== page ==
Imagine a world where women have subjugated and objectified men, the nightmare of misandry. It’s wrong but cathartic isn’t it? Hong Kong film Blade of Kings indulges this premise in fantasy: a tyrannical queen has enslaved all men and outlawed love. Gillian Chung and Charlene Choi take the focus of the film as strong female leads with conflicting interests that are working together. Jaycee Chan and Bolin Chen play a comedic duo with pleasantly contrasting personalities. Jackie Chan has a cameo appearance in his son’s debut in a kung fu showdown with Donnie Yen as well. The love stories are sweet, the female-dominated action scenes plentiful, and the adventure comedic. I found this film vastly entertaining despite its convoluted plot.
A stone plaque is stolen from the palace by a group of male freedom fighters led by a man called “Crouching Tiger, Hidden Dragon.” It is a map to the location of the “Excalibur,” a magic sword that can only be wielded by the future King. Blue Bird, a law enforcer for the Queen’s eunuch High Priest, is sent out to search for the plaque and the thief. She crosses paths with 13th Master, a slave trader whose auction was disturbed by the pursuit. Her merchandise is temporarily confiscated by a government Marshal and offered a deal to repay her debts. The heartbreak causing the Queen’s perversity is revealed and her ruthlessness is shown by her readiness to execute, and the entrapment of her prophetic sister in a cave wall. The stone plaque map makes its way to an illegal Elizabethan-styled theater where two young men perform. Charcoal Head and Blockhead are lured away from their troupe by the promise of treasure. They team up with ambitious 13th Master and Bluebird who has her own hidden agenda. Swing from comedy to drama, the group are besieged on their adventures by a Crouching Tiger, Hidden Dragon, a renegade law enforcer, a wolf tribe, cave people, and of course by the Queen herself.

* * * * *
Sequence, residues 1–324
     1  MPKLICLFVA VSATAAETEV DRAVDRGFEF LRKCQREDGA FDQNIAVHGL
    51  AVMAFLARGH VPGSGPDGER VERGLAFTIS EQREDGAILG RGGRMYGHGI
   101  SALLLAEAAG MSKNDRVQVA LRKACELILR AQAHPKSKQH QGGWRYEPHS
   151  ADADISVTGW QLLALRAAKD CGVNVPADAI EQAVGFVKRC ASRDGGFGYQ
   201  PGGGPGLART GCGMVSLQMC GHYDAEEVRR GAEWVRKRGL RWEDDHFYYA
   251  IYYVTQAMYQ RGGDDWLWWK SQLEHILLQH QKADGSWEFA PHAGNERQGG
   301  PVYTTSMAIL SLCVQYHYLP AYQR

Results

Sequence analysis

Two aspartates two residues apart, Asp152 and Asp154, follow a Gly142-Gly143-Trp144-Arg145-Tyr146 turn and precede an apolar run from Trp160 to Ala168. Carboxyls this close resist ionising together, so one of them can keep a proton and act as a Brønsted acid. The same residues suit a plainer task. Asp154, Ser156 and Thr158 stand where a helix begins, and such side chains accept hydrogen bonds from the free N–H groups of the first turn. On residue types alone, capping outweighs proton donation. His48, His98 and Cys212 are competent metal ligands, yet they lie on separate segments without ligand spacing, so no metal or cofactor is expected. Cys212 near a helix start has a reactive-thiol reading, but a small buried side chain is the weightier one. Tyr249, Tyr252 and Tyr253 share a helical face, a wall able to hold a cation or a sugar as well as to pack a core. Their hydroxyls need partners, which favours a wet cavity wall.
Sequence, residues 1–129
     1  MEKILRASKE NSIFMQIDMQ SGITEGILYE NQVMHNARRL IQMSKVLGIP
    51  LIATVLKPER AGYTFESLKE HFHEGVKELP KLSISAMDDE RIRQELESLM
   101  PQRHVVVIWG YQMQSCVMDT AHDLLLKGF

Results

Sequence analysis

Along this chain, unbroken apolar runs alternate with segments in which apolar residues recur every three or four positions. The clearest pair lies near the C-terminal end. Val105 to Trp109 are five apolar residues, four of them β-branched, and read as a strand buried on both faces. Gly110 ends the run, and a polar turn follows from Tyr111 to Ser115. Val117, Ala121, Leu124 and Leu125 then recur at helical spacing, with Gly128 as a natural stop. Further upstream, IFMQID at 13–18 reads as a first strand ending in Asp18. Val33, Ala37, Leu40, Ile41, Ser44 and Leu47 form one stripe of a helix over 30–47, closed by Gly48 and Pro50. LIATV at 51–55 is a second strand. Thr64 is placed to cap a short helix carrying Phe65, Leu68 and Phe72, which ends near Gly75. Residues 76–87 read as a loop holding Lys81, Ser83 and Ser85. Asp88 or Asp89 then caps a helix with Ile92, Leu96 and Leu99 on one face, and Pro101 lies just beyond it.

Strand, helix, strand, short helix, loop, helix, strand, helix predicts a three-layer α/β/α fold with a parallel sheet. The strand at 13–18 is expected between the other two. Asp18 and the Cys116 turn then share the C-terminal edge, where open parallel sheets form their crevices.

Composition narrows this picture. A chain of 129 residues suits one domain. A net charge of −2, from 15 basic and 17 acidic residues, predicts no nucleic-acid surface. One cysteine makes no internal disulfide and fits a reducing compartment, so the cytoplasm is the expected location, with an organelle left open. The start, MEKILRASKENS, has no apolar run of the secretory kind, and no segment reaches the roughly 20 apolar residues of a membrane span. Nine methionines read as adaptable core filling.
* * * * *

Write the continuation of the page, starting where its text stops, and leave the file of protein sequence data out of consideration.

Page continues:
Sprawling subplots are proof of a larger world than the four main characters which may seem unfocused, but high energy and absurd events effectively holds audience attention. Some of the confusion may be caused by English translations. European concepts like Amazons and Excalibur possess familiar connotations and are used to express meaning in Cantonese. This, the magic, and Science-Fiction inspired set and costume designs make me feel like I am watching a story set on a different planet. Though the enslavement of males is often used for comedic effect, there are reminders of the unfairness of one sex degrading another. It is shown how great is the human capacity for forgiveness, for people to be able to love their oppressors and seek equality and freedom. It is a feminist film after all.